How will the real estate sector change and respond to the COVID-19 outbreak?

March 03, 2020

The COVID-19 outbreak has been dominating headlines for weeks now.  While we, as individuals and businesses, remained focused on the health and well-being of our families, friends and environment, there are clear near-to-medium term implications for the real estate community that this outbreak brings to the forefront.

Assessing the near-term economic impact: Given the experience of the SARS epidemic in 2003, it is natural to draw lessons from that event and infer from these lessons for what may lie ahead when the dust settles.

A key observation about SARS and its aftermath is the short-lived but considerable economic impact it levied on mainland China and Hong Kong. Invariably, economic activities took a hard hit in the second quarter of 2003. Yet, the Chinese and Hong Kong economies promptly embarked on the pre-SARS growth trajectory in the third quarter as soon as the outbreak was contained. This highlights the potential of a sharp economic recovery as soon as the current outbreak is contained in the not-too-long future, notwithstanding the much more heavy-handed outbreak control measures.

Increased headwinds on commercial real estate: For commercial real estate, economic and political uncertainty have been presenting headwinds. Office rents began to fall and are forecasted to persist in some key markets pre the outbreak. This current event is likely to add to risks, at least in the short term, as businesses delay real estate decisions and enhance emphasis on managing costs and business continuity plans. Looking back at 2003, Hong Kong office rents surged considerably from historic lows after SARS, alongside with an economic recovery. A repeat is unlikely in our view as office rents just started to come off historic highs after a prolonged upcycle.

Similarly, in mainland China, uncertainty will cause occupiers to be more cautious and adopt more conservative leasing strategies. However, once the outbreak is fully contained, office demand is expected to rebound.

Among the property segments, retail is perhaps the most immediately and visibly impacted.  With high social tensions being an unfavourable backdrop in Hong Kong, coupling with the unfortunate timing of this outbreak during the Chinese New Year, it is another heavy blow to the frail retail sector. Even though the outbreak may be temporary, it may prompt closures of weaker trades or outlets. In turn, more owners are likely to be forced to compete for tenants more aggressively, exacerbating the rental down trend.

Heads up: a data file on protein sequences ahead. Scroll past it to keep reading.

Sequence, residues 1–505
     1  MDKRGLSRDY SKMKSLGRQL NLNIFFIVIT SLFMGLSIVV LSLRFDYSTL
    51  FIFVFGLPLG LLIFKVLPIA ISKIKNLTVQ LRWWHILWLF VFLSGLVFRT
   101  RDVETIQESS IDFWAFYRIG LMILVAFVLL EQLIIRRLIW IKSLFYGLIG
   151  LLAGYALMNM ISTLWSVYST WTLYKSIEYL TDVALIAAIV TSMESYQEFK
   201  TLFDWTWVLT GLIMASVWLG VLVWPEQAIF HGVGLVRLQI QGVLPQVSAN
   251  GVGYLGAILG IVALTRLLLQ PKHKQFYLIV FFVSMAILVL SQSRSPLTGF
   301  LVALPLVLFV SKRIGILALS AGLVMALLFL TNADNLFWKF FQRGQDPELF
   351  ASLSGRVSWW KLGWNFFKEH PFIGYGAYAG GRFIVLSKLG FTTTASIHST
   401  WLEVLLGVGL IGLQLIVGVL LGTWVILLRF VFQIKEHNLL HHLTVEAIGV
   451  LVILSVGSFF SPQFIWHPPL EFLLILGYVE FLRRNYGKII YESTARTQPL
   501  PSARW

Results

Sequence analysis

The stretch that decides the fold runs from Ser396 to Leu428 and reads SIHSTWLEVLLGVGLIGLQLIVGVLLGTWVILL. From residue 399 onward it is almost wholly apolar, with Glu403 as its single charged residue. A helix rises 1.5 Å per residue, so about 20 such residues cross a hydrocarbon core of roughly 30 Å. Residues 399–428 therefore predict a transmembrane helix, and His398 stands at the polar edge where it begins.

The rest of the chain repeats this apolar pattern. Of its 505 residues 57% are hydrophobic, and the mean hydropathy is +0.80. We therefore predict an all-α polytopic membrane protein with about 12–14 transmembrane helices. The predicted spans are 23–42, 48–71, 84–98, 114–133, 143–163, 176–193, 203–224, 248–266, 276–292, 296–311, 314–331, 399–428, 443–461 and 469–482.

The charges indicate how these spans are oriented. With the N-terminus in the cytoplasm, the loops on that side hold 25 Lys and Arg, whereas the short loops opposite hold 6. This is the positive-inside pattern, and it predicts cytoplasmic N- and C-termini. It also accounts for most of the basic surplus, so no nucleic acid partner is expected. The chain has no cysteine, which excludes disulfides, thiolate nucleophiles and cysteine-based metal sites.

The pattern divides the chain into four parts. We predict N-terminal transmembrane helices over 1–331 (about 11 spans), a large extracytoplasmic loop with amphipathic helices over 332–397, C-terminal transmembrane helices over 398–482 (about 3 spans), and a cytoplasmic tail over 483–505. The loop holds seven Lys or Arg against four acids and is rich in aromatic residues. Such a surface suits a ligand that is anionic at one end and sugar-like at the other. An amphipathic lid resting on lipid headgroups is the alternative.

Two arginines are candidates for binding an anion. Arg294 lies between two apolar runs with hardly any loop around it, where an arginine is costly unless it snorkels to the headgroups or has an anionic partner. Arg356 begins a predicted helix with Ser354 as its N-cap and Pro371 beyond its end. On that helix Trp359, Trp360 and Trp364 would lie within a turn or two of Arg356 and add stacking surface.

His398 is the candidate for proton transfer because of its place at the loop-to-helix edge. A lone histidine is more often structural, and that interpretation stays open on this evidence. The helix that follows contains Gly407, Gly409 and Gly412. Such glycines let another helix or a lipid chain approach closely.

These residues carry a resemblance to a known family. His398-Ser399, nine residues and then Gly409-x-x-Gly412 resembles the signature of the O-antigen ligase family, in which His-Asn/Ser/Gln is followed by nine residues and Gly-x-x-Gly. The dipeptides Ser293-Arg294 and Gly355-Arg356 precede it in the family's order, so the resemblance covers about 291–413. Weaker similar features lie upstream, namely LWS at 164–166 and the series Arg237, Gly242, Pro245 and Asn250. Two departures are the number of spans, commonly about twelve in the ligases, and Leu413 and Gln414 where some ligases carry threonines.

Increased tech application in real estate: Beyond the above immediate impact, the outbreak will likely bring forth the application of technology in real estate. More scrutiny on asset specification and quality stand out as a key takeaway. The infectious nature of the outbreak is a reminder of the importance of high standards of personal and community hygiene. This has to be extended to the provision of real estate too. For example, it is imperative that buildings are built to an assuring standard with good ventilation and filtering system in place. Occupiers will increasingly seek such provisions with a view to providing a safe and healthy workplace for employees. Greater focus on business continuity planning (work-from home in particular) will gain traction. This may prompt:

(1) more businesses to engage tech support, hence related service providers are in demand;

(2) increased demand for data storage and data centre providers.

The quicker adoption of proptech is also a possible implication. Landlords, governments and occupiers may look to support the development and adoption of a range of products/ solutions, which could enhance workplace safety, such as:

Robotics: Demand may rise for robotics applications that can detect, sanitize, clean, and conduct deliveries in public spaces such as office buildings, shopping malls and medical facilities.

Internet of Things (IoT): Building managers can implement IoT strategies to enhance sanitation and health-related monitoring procedures in public spaces, such as the use of sensors to perform infrared scans, pinpoint crisis locations and send alerts.

Big data: Demand for enhanced analytics to track and monitor high risk public incidents may rise. The outbreak may push governments to prioritize accurate information collection in densely populated areas such as high-rise buildings, major transportation nodes and shopping malls.

Unmanned vehicles/aerial vehicles (UVs/UAVs): These tools could be a long-term solution for logistics and supply chains dealing with physical quarantines and/or labor shortages.

Healthcare: There will be a renewed focus on the need for higher quality facilities and services across the region, especially in mainland China. Healthcare spending in mainland China alone has soared from less than CNY 500 billion in 2000 to over CNY 5 trillion in 2017. This momentum is likely to maintain as the government commits to improve access and as the society becomes more vigilant about disease prevention and healthcare awareness.

This article was originally published on the South China Morning Post on 3rd March, 2020.